Jose Mourinho aligned his side in a 4-3-3—with Ramires on the wing—looking to blank the game or possibly produce a counter-attacking goal to take back home. While goals failed to emanate from the Blues, Atletico were not much better in an attacking sense—due to Mourinho's defensive approach.
The nil-nil draw was an encouraging result for both teams, as there is still all to play for on 30 April at Stamford Bridge.
Which begs the question: What should Chelsea do with the Premier League?
The Blues' loss to Sunderland last Saturday felt like a mortal blow. Three points would have made Sunday's visit to Merseyside a potential title-deciding match but with a five-point gap, Mourinho's men will need more than victory at Anfield to secure the Premier League.
Mourinho's words that Chelsea "depend too much on other results," as noted by The Guardian's Dominic Fifield, ring true now more than ever.
It has become rather comical how the Premier League title race has taken shape.
Liverpool, who have no European obligation, hold an advantage by their lack of continental duties when compared to their English competition.
The Blues have played 11 Champions League games this season—expecting not to accrue injuries over 1,000 minutes of additional football is fool-hearted.
In most years, contending teams in the Premier League are fighting on both domestic and European fronts—but this year is an exception. The Reds have been terrific down the stretch, destroying their opposition with acute attacking prowess. A major part of their success has been the ability to rest and game-plan for six to seven days at a time.
The only other top seven club in a similar circumstance would be Everton—who are also punching above their customary weight this season.
Not that they wanted it, but other clubs, namely Chelsea, Manchester City, Manchester United and Arsenal—not to overlook Tottenham in the Europa League—did not have Merseysiders’ domestic "advantage."
That said, you still have to win the games you're scheduled and Brendan Rodgers' side has done what they must to sit atop the table.
It leaves the Blues in a precarious situation; their squad has taken a major body blow with two stalwarts of the Premier League's best defence now sidelined. It feels as if Mourinho must choose a competition—as Chelsea's Premier League boat has taken on tremendous amounts of water over the past weeks.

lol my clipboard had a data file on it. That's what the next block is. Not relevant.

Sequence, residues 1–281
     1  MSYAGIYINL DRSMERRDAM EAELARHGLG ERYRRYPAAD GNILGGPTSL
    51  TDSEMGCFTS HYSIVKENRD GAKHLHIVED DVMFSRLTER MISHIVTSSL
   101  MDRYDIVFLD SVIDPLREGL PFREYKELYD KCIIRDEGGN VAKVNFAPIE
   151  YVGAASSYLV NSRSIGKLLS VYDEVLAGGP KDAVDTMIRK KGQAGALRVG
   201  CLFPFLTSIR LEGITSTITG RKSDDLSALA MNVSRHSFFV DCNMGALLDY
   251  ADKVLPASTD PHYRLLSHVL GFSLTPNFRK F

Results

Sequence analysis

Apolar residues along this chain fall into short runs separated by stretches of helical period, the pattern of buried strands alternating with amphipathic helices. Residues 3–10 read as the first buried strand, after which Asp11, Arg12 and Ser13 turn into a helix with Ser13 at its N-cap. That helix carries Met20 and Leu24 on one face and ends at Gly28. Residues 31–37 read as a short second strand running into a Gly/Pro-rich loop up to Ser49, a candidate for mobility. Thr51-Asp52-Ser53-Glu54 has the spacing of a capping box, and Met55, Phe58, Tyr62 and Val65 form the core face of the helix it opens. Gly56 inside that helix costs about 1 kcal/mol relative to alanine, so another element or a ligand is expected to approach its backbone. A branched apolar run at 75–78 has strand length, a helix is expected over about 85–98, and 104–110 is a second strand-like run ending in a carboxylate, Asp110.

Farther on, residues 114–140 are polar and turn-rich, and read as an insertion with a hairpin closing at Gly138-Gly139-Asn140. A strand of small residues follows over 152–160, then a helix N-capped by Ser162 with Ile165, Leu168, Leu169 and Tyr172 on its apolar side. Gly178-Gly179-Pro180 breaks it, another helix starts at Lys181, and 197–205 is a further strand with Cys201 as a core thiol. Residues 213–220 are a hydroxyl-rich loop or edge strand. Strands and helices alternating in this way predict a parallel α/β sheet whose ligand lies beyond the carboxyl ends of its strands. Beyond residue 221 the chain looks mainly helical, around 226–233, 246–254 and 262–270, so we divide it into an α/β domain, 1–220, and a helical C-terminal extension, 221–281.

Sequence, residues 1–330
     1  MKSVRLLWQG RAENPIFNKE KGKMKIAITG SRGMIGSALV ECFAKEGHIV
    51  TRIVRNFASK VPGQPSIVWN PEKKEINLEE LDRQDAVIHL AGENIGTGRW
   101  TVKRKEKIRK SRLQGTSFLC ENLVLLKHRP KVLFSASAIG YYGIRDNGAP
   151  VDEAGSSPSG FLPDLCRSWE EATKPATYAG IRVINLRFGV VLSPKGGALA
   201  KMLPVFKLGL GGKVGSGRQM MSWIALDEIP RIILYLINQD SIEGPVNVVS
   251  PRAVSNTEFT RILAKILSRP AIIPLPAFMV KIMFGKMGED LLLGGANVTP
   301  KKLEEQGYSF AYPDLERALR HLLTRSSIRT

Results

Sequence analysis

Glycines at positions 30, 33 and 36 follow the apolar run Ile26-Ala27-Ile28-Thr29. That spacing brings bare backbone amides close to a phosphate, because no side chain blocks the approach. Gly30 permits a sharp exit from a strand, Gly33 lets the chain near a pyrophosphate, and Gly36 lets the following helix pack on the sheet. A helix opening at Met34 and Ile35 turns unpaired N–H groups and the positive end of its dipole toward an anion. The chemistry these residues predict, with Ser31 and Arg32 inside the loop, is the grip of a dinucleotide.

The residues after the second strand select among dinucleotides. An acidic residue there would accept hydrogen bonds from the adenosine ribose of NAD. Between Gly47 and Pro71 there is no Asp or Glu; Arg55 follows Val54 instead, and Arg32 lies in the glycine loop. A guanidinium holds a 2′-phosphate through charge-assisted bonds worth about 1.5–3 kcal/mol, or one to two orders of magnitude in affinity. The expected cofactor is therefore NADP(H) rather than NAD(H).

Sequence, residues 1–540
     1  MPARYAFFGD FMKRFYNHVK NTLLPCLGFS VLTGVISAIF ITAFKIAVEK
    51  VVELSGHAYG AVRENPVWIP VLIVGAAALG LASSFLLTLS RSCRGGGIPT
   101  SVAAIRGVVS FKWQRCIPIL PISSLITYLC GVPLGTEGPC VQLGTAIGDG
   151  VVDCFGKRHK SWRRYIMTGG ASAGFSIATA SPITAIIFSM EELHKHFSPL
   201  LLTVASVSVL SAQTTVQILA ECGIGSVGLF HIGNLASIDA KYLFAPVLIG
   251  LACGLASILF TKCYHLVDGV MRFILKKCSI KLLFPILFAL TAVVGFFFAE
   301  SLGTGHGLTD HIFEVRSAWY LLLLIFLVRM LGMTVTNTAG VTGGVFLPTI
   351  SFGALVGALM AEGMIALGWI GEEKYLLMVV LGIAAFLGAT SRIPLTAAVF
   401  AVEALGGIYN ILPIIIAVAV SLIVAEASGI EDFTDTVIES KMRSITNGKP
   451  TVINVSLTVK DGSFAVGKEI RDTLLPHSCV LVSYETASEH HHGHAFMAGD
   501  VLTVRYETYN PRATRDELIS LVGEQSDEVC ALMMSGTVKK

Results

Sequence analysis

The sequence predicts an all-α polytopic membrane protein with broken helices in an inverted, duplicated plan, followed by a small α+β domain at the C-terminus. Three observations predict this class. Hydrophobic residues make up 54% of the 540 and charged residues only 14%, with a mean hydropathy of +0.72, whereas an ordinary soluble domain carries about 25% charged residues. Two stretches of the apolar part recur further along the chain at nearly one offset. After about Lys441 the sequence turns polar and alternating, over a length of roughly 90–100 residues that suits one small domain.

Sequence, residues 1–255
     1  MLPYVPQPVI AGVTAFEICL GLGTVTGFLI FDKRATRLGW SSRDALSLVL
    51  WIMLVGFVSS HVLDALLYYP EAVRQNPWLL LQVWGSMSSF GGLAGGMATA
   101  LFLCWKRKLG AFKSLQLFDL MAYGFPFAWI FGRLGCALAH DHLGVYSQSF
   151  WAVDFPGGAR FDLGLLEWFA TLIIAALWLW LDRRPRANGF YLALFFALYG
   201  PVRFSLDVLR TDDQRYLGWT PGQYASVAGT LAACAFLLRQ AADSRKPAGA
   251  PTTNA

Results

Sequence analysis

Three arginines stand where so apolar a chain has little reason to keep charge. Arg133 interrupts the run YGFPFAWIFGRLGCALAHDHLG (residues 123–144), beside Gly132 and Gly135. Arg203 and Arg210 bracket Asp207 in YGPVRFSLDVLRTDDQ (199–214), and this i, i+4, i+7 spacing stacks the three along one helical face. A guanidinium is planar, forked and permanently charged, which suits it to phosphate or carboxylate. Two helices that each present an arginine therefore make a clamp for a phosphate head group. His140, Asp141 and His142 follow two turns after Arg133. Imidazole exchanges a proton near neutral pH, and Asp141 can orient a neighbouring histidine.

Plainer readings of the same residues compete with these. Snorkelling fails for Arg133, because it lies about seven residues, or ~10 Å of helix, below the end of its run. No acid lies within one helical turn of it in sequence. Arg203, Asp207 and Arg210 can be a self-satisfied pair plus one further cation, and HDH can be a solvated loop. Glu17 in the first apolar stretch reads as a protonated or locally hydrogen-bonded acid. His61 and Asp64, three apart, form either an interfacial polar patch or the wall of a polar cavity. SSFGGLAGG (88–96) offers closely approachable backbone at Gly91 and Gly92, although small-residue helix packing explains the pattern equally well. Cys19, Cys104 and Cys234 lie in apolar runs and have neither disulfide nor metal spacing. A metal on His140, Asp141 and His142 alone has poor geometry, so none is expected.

Hence, in many respects, Mourinho's decision could not be clearer.
Chelsea have a greater probability of winning two games against Atletico Madrid (H) and either Bayern Munich or Real Madrid in Lisbon, Portugal than beating Liverpool (A), Norwich City (H) and Cardiff City (A), then hoping for scenarios only conceivable in Disney movies.
The competitiveness in Mourinho could see him field Chelsea’s strongest available side three times over the course of nine days; though as Cech and Terry are likely to miss the Premier League's final three offerings, the Blues would be better served to combat fatigue with brain power.
As the great William Shakespeare hinted towards in Macbeth:
The time approaches
That will with due decision make us know
What we shall say we have and what we owe.
Mourinho knows his side's predicament and should see the Champions League as the prize Blues' supporters across the globe will clamour to “say [they] have.”
You hardly hear of Chelsea's sixth-place finish in 2011-12, do you? Just Didier Drogba beating Manuel Neuer from the penalty spot on that night of nights 23 months ago.
If Roberto Di Matteo's "big trophy with the big ears" makes its way back to Stamford Bridge for the second time in three campaigns—all else will be forgiven, all else will be forgotten.